By Simran Jalan (email@example.com)
The Reserve Bank of India (RBI), in its press release on ‘Statement on Developmental and Regulatory Policies’ dated August 1, 2018, sets out various policy measures. One of the initiatives introduced relates to co-origination of loans by the banks and NBFCs for lending to the priority sector.
Before delving into the initiative, we shall briefly discuss the concept of priority sector and priority sector lending (PSL).
Categories of priority sector
Priority Sector category includes agriculture; micro, small and medium enterprises; export credit; education; housing; social infrastructure; renewable energy and others.
According to the Master Circular – Priority Sector Lending- Targets and Classification issued by RBI, the total priority sector lending (PSL) for domestic scheduled commercial banks (excluding Regional Rural Banks and Small Finance Banks) should be 40% of Adjusted Net Bank Credit or Credit Equivalent Amount of Off- Balance Sheet Exposure, whichever is higher. Further, there are also sub-targets specifically for agriculture, micro enterprises and weaker sections.
Commercial banks are required to meet the PSL requirement specified in the aforesaid circular. However, banks neither have the outreach nor the inclination to reach out to the communities living in geographically remote areas. The banks are even unable to perform credit evaluation or credit underwriting of the borrowers falling under the priority sector category due to lack of outreach. Consequently, apart from direct funding, banks have been exploring several options for meeting the minimum requirement:
- On-lending: In this structure the loan is sanctioned by banks to eligible intermediaries for onward lending only for creation of priority sector assets.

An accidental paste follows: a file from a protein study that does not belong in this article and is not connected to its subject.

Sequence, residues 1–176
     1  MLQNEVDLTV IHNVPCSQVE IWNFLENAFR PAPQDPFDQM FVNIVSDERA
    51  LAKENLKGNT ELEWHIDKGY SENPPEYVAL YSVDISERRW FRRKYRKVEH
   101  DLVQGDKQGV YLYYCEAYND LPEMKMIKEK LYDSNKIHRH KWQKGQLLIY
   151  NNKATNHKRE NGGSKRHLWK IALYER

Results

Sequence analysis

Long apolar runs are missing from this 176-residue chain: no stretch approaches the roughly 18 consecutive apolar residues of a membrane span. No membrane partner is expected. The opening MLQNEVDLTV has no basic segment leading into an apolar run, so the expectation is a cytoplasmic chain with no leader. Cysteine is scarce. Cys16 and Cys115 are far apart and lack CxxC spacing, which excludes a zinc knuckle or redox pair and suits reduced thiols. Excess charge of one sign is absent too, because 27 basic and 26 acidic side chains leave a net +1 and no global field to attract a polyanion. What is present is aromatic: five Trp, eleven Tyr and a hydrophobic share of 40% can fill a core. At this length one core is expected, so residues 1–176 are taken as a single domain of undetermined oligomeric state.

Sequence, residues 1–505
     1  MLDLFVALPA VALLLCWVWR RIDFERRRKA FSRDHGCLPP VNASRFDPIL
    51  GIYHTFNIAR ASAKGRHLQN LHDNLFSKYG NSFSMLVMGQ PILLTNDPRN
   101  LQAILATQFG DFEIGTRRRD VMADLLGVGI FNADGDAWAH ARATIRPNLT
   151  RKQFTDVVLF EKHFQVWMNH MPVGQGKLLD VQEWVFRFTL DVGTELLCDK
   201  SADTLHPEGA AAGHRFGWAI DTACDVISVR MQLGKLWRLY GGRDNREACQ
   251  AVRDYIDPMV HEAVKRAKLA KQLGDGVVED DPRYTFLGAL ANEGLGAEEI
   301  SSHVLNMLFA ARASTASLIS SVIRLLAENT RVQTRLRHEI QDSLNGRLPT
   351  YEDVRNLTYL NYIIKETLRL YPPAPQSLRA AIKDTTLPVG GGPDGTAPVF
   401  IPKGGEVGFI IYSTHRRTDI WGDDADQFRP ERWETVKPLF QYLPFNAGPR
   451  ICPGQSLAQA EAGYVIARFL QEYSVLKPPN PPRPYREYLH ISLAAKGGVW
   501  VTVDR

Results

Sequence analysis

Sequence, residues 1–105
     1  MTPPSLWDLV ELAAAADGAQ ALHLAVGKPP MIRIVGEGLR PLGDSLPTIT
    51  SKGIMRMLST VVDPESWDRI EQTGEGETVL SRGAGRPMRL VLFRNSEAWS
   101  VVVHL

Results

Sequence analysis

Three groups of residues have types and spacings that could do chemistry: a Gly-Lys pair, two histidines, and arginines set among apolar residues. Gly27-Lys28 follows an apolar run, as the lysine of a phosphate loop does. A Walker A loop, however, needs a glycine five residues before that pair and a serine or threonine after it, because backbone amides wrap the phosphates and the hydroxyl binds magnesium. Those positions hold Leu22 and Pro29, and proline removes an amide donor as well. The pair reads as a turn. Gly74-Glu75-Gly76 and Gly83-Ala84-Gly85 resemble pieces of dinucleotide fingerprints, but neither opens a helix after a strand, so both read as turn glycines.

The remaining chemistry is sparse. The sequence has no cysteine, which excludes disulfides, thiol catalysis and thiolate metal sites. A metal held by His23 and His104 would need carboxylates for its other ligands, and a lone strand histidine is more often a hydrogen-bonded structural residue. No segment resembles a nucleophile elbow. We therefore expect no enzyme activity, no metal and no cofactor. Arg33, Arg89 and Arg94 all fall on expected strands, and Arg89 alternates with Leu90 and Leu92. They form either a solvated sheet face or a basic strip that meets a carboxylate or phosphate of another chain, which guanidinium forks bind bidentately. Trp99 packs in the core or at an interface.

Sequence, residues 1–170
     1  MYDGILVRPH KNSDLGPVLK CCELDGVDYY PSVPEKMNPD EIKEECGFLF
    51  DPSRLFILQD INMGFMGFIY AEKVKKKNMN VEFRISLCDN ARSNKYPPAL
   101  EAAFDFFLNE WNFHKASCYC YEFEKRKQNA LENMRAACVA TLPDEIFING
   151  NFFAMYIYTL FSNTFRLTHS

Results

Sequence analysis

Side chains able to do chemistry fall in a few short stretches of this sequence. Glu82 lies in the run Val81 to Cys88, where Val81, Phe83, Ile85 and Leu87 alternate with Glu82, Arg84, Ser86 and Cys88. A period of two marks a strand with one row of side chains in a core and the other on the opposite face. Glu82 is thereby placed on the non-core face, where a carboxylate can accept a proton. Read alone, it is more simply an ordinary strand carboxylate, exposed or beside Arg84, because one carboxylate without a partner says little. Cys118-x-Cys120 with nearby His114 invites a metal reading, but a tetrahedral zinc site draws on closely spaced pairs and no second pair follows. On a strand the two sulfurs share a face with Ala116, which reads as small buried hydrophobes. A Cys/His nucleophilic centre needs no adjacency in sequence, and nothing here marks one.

- Direct Assignment: Banks enter into transaction with NBFCs for assignments/ purchase of pool of assets representing loans under various categories of priority sector, as prescribed under the aforesaid circular.
- Business Correspondent: Commercial banks intending to increase their outreach have been engaging the services of BCs. Such NBFCs or other eligible entities provide various services such as identification of borrowers, collection, recovery, follow-up and such other ancillary services. The loans under various categories of priority sector are originated in the books of the bank through the assistance of BC.
- Co-lending: Both banks and NBFCs enter into a co-lending arrangement, whereby the exposure on the borrower is in a pre-decided ratio.
Though, there are existing regulations on direct assignment as well as appointment of BC, currently the co-lending arrangement is not regulated under any existing guidelines of RBI.
Co-lending regulations awaited
As per the press release, RBI shall be coming up with such guidelines wherein schedule commercial banks (excluding regional rural banks and small finance banks) may co-originate loans with systematically important non-deposit taking NBFC for fulfilling their mandatory priority sector lending requirement.
Under the co-lending arrangement, there would be joint contribution of credit by both lenders at the facility level. The said arrangement shall also involve sharing of risks and rewards between the banks and NBFCs, as per their mutual agreement. The risks and rewards could be shared equally or in a proportion which shall be predefined.
This step is taken by RBI to provide a competitive edge for credit to the priority sector and to mitigate the challenges faced by the banks on priority sector loans. The NBFCs operates on low cost infrastructures and have reach to the remote locations. Coming together with NBFCs shall definitely assist the banks to meet their PSL requirements with ease.
The guidelines have not yet been issued and it is expected that RBI shall come out with its regulations for governing such co-lending arrangement by the end of September 2018. In consequence, there can be a decline in the direct assignment arrangement undertaken by banks. The reason being that in co-lending there is joint origination and the risk and rewards are shared in a mutually agreed proportion, however, in case of direct assignment, the NBFC transfers the loan portfolio and has no residuary interest left. Such difference can lead to a decline in the direct assignment transactions undertaken by banks with NBFCs.